» At elevation of 8,586 metres (28,169 ft), it is the second highest mountain in the Himalayas
» First summitted by Joe Brown and George Brand in 1955 Continue reading
Many little girls dream of one day being on top of the world, but Mexican climber Viridiana Álvarez Chávez grew up and actually did so.
In an incredible one year and 364 days, she scaled three peaks to achieve an adventurous Guinness World Records title.
In an admirable display of strength and determination, she has broken the record for the fastest ascent of the top three highest mountains with supplementary oxygen (female).
Viridiana’s journey started with Everest (8,848 meters; 29,029 feet high) on May 16, 2017, followed by K2 (8,611 meters; 28,251 feet) on July 21, 2018, and finished at Kangchenjunga (8,856 meters; 28,169 feet) on May 15, 2019.
This video documents the 3,000 km ride that cyclists took in 2019 from Leh in Ladakh, India to Kathmandu in Nepal.
Along the way they pedalled over passes as high as 5,000 meters, spun past remote forts and Gompas (Buddhist Monasteries), visited heavenly Himalayan hill stations, and marvelled at the snow-capped mountain views.
For Switzerland, the 2020 ranking is the the fourth consecutive yearhas been judged No. 1 by residents of 36 countries. Canada was chosen second, overtaking Japan in the U.S. News’ fifth annual survey.
The Best Countries report, produced from an annual global survey of more than 20,000 people in 36 countries including the United States, reflects increasingly negative views of the world and within countries. Nearly half of survey respondents say conditions around the world have worsened in the past year. Likewise, an increased percentage of people say the gap between the rich and poor has grown and that nationalism is increasing.
According to the ranking, here are the Top 25 Countries in the World
United Arab Emirates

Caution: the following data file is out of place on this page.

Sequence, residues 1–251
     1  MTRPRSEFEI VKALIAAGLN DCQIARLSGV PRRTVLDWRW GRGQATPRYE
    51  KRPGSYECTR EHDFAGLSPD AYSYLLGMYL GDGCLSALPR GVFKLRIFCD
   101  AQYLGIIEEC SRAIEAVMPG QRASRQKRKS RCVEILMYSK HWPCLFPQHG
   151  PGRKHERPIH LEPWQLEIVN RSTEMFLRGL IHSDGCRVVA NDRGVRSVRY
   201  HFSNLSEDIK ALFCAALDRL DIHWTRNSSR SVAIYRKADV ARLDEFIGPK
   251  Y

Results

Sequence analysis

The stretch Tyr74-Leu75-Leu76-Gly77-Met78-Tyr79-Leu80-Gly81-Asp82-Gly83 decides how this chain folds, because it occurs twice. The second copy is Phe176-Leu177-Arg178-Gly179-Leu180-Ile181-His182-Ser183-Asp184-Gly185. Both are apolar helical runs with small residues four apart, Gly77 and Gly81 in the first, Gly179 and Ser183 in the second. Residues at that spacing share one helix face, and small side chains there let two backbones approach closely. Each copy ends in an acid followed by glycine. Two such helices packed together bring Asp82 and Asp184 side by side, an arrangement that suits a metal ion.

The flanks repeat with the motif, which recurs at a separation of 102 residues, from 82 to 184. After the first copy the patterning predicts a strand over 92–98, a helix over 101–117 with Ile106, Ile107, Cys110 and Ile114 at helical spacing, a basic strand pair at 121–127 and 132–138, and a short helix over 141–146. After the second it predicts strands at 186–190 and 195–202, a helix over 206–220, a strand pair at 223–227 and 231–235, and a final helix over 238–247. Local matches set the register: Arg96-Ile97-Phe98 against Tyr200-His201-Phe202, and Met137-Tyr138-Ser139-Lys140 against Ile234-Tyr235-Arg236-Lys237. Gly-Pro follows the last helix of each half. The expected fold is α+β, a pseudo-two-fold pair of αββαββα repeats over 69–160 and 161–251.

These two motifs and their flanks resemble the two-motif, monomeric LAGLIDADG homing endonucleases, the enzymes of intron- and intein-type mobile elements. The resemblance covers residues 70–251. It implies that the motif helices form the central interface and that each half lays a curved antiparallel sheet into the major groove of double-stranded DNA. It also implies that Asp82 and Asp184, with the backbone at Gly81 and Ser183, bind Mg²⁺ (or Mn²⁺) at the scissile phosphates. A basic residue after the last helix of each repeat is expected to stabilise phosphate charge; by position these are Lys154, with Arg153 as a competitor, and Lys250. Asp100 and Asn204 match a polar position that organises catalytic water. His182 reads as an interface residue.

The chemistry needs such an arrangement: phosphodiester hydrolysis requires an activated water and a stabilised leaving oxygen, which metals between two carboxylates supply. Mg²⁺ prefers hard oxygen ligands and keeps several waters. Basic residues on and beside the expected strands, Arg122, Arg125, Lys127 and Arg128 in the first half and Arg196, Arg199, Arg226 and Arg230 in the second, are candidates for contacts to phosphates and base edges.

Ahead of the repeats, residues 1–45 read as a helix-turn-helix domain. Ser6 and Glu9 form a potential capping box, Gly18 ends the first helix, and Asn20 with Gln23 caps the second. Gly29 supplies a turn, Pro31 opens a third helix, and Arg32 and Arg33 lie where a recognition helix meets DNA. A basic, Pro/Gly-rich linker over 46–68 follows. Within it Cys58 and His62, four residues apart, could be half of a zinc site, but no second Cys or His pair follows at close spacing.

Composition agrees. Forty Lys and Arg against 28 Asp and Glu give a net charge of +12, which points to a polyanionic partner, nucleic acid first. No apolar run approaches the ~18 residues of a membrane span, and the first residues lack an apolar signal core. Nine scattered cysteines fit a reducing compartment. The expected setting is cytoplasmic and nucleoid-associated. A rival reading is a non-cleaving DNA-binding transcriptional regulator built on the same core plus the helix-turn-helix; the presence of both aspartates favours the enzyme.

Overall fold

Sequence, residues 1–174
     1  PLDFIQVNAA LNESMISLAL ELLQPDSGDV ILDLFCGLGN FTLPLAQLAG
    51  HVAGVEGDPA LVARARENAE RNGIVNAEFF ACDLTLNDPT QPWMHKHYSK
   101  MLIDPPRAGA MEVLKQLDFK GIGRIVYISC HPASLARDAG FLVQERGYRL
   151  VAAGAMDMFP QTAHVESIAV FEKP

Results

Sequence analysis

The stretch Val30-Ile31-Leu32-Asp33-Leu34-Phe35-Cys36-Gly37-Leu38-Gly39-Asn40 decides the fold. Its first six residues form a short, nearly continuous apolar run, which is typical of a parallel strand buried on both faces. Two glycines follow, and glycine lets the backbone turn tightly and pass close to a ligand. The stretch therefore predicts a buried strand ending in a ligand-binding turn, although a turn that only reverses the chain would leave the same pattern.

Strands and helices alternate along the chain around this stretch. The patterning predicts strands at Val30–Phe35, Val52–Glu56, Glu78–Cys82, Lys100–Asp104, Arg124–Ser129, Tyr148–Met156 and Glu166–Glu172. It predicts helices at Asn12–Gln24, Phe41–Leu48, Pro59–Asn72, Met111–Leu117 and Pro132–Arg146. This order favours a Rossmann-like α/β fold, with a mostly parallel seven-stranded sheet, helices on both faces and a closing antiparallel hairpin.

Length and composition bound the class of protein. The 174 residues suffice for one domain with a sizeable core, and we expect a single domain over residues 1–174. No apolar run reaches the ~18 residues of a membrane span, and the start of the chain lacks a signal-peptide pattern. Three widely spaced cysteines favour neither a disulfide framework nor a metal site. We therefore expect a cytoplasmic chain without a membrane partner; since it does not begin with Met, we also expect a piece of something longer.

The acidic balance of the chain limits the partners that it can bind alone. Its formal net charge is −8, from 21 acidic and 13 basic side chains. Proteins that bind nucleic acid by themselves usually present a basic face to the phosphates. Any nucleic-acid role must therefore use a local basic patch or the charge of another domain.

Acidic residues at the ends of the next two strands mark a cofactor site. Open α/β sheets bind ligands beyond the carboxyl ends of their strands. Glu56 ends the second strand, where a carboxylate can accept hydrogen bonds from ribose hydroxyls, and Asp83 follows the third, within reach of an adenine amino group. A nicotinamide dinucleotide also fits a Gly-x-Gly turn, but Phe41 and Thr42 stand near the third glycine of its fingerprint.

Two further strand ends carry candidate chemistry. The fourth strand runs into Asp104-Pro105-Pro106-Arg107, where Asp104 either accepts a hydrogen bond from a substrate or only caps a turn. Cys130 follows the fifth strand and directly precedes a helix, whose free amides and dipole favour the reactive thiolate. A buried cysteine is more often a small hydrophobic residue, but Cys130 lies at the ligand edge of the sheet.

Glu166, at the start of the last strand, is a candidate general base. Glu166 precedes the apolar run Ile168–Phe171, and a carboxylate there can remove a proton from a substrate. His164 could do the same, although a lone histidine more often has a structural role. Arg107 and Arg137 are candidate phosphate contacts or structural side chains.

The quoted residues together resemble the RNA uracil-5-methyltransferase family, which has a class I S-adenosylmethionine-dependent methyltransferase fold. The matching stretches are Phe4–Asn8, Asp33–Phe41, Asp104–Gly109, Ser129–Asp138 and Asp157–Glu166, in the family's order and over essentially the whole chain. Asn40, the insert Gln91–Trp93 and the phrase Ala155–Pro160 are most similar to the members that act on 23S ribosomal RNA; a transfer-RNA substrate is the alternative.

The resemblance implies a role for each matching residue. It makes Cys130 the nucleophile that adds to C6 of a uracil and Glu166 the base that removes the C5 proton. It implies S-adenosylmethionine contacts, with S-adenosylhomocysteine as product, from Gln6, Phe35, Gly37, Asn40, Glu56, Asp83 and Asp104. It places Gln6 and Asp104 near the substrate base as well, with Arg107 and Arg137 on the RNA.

The Bottom 5 of the U.S. News 2020 Best Countries rankings are
In a span of seven years, he paddled a series of 15-foot kayaks more than 30,000 miles from the Danube River in Europe to the tropical shores of far northern Australia. Even better, when he first set out, he was “merely” planning to paddle to Cyprus for work, with no intention of traveling by kayak to the other side of the world. But the paddling proved irresistible and Speck did not stop once he reached Cyprus.
Speck was 25 years old when he set out on his incredible journey. He was an unemployed electrician living in Hamburg. Work was scarce and prospects were dim after the 1929 stock market crash ripped through Germany, so Speck decided to seek work in the copper mines of Cyprus. With no other means to get there, and as a proud member of a kayaking club since his youth, Speck decided to paddle his way to, hopefully, a job.
In May, 1932, Speck shoved off from banks of the Danube in a collapsible and very much not seaworthy 15-foot kayak, and began paddling south. He arrived in the Balkans several weeks later and, lulled to boredom by the languid waters of the Danube, Speck made for the Vardar River, where soon fierce rapids dashed his boat nearly to splinters. While awaiting repairs, winter set in and the Vardar froze over, locking Speck in place for months.